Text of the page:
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Alun Salt
Works at Annals of Botany & UNESCO Astronomy World Heritage Initiative
Attended University of Leicester
Lives in Jack-the-Liar's Wood, Wales
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[T]he provision of county archaeological services, established in the 1970s and 1980s, may turn out to be just a generational phenomenon.

A collapse in archaeological funding means a quarter of archaeological posts have gone in local authorities since the start of the austerity crisis in the UK. The current government policy of perpetual crisis (http://j.mp/1qyriYO) means that this is likely to continue falling. 
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Alun Salt

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Norman Borlaug is a hugely underrated scientific hero.
 
A very good piece talking about the complexities of getting African farming yields up. "The science, she said, is the easy part."
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Your password is compromised - even if you keep it safe

There's been a security bug in OpenSSL for two years. It means if you've been checking there's a padlock on a site before sending data, that might still not be enough.

For places like Google, 2-step authentication can help you. This will mean giving Google your phone number. However, I've never received anything other than six-digit numbers from them, which you type in show you are who you say you are.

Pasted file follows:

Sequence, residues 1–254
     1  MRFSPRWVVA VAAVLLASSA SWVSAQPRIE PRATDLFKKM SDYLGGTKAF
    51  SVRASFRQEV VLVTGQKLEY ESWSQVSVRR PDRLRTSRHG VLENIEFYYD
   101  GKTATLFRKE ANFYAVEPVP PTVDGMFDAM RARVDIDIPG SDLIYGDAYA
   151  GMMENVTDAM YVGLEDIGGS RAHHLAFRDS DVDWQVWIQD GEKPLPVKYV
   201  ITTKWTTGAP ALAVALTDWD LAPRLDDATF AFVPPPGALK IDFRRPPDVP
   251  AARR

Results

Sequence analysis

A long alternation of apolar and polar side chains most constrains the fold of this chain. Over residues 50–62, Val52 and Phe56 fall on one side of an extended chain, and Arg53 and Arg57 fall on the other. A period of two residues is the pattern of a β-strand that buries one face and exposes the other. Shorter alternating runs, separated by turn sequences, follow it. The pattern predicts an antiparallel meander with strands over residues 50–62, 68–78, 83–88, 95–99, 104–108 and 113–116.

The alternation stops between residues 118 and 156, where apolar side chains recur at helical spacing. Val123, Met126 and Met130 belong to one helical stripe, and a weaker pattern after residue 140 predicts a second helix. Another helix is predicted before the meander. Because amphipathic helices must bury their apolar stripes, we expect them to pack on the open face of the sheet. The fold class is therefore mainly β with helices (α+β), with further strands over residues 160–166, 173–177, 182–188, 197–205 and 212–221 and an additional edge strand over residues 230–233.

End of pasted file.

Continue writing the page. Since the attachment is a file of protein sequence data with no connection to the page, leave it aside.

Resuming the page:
https://www.google.com/landing/2step/

I can't remember everywhere I have a password and the thought of resetting them all give me the heebie-jeebies. However if you're using something like LastPass, it can at least generate and remember random passwords for you. 

Edit: But you might not want to do that straight away. See: https://plus.google.com/+AlunSalt/posts/9x63eZLVUrJ

Then again, I'll have to reset the master password on that too.http://lastpass.com/
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UK readers can't access this part of the BBC, which is a shame.

<cough>Tunnel Bear or similar</cough>
Many varieties of fruit, meat and vegetable are disappearing from our plates, says Rachel Nuwer. Why is this happening, and can we stop the rot?
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You can get some of the latest scientific journals in the UK now through Access to Research

http://accesstoresearch.pls.org.uk/